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Cellulose-Based Hydrogel Films for Food Packaging

  • Tabli Ghosh
  • Vimal Katiyar
Living reference work entry
Part of the Polymers and Polymeric Composites: A Reference Series book series (POPOC)

Abstract

The use of fossil-based plastic in food packaging has increased the plastic-based waste, carbon footprint, and global warming, which has led to the development of alternatives such as hydrogels for biodegradable stringent food packaging industries. Hydrogels consist of biopolymers having three dimensional networks can trap a large quantity of water and formulation of cellulose-based hydrogels have laid high impact for food packaging application with improved biodegradability, biocompatibility, mechanical properties, plasticizing effect, etc. Cellulose hydrogels can be imparted as thin layers onto the polymers to improve its wettability, appearance, degradability, and resistance towards environmental agents. Cellulose-based hydrogels are mainly formulated from cellulose, bacterial cellulose, and its derivatives. Further, use of cellulose and its derivatives with gelatin, low-methoxyl pectin, polyvinyl pyrrolidone (PVP), polyvinyl alcohol (PVA), polyethylene glycol (PEG), protein, etc., provide a better property for packaging food products. Various bioactive compounds such as silver nanoparticles and other antioxidants, antifungal agents can be embedded onto hydrogel films to improve its properties. Use of cellulose hydrogel as packaging material mainly depends on its hydrophilicity, swelling property, molecular weight, stability, physical, mechanical and chemical properties. Cellulose hydrogels generally consist of various chemistry of hydrogels such as physical cross-linking, chemical cross-linking, interpenetrating hydrogels, which find significant importance in biodegradable food packaging. Dry hydrogels from biopolymers can be used individually or in conjugate with others. However, use of individual polymers for making hydrogel creates problems in hydration which enhance water-polymer interactions than polymer-polymer interactions. In contrast, blending and composites of polymers help in enhancing interactions between polymer-polymer matrices than water-polymer matrices. The tailored properties of blends or composites of hydrogel can be formed through electrostatic interactions between opposite charges, formation of cross-links through covalent bond, formation of physical networks, and interpenetrating polymer networks.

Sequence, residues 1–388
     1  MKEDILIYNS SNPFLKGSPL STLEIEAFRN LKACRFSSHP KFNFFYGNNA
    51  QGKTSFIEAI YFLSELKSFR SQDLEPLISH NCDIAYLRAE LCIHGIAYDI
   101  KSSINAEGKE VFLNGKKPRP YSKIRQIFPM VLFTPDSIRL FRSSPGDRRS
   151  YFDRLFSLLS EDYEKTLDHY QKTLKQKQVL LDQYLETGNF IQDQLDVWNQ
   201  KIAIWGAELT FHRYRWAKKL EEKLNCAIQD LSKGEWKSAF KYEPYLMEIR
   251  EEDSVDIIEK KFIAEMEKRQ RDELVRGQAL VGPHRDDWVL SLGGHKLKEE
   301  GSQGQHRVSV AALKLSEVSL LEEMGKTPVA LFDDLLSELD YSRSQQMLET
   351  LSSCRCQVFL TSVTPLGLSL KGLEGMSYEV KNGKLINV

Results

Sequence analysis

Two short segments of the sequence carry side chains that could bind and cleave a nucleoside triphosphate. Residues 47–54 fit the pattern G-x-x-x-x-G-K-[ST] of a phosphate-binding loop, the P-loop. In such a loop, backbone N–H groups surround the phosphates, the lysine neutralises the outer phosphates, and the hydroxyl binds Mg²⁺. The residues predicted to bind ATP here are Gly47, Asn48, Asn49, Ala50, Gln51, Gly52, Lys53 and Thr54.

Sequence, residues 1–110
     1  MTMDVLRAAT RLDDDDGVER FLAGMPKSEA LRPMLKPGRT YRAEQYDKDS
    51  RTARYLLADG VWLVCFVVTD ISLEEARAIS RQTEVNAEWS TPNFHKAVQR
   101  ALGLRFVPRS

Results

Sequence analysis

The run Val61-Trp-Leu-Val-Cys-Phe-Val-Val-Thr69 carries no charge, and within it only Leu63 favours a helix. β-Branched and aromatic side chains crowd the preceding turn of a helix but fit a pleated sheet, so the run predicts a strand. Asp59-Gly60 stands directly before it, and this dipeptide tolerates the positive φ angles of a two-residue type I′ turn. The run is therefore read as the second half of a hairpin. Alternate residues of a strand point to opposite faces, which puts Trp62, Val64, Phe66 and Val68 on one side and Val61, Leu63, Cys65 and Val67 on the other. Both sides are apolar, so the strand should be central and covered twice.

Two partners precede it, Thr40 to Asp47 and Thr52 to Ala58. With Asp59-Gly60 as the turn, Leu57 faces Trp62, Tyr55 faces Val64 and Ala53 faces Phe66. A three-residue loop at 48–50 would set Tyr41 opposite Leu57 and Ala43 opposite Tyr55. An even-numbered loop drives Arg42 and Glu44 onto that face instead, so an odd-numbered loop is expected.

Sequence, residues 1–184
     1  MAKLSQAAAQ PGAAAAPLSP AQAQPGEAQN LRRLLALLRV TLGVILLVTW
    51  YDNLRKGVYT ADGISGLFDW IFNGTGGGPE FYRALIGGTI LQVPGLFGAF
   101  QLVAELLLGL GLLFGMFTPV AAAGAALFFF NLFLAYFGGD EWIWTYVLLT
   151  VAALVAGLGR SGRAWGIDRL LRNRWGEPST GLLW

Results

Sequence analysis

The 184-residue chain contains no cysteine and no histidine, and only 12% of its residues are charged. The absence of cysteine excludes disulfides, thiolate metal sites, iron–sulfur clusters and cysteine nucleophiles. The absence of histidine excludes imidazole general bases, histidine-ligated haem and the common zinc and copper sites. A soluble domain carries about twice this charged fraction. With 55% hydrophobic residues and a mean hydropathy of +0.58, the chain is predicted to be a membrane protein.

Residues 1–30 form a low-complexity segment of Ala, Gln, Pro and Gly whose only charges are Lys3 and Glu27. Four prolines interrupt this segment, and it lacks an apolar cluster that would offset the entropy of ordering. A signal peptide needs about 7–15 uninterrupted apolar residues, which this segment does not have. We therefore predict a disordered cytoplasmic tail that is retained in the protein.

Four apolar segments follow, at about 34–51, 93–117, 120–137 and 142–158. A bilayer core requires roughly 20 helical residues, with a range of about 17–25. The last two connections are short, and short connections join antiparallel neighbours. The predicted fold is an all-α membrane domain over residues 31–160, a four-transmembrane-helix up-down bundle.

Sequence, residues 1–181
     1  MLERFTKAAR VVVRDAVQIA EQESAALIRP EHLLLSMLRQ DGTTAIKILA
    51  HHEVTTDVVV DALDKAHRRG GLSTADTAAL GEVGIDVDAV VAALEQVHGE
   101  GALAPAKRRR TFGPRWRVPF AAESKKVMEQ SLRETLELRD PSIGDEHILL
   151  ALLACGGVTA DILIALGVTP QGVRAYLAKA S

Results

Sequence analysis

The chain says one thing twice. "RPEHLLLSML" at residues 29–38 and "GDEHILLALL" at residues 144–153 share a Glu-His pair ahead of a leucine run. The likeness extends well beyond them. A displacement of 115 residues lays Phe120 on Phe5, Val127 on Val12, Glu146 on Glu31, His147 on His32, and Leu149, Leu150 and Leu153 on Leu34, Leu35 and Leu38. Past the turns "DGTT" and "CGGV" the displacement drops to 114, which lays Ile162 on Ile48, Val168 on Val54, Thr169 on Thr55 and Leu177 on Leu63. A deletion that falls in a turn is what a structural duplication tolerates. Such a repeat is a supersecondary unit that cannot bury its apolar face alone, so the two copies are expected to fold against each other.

Keywords

Cellulose Cellulose derivatives Hydrogel Biodegradability Food packaging 

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Copyright information

© Springer International Publishing AG, part of Springer Nature 2018

Authors and Affiliations

  1. 1.Department of Chemical EngineeringIndian Institute of Technology GuwahatiGuwahatiIndia

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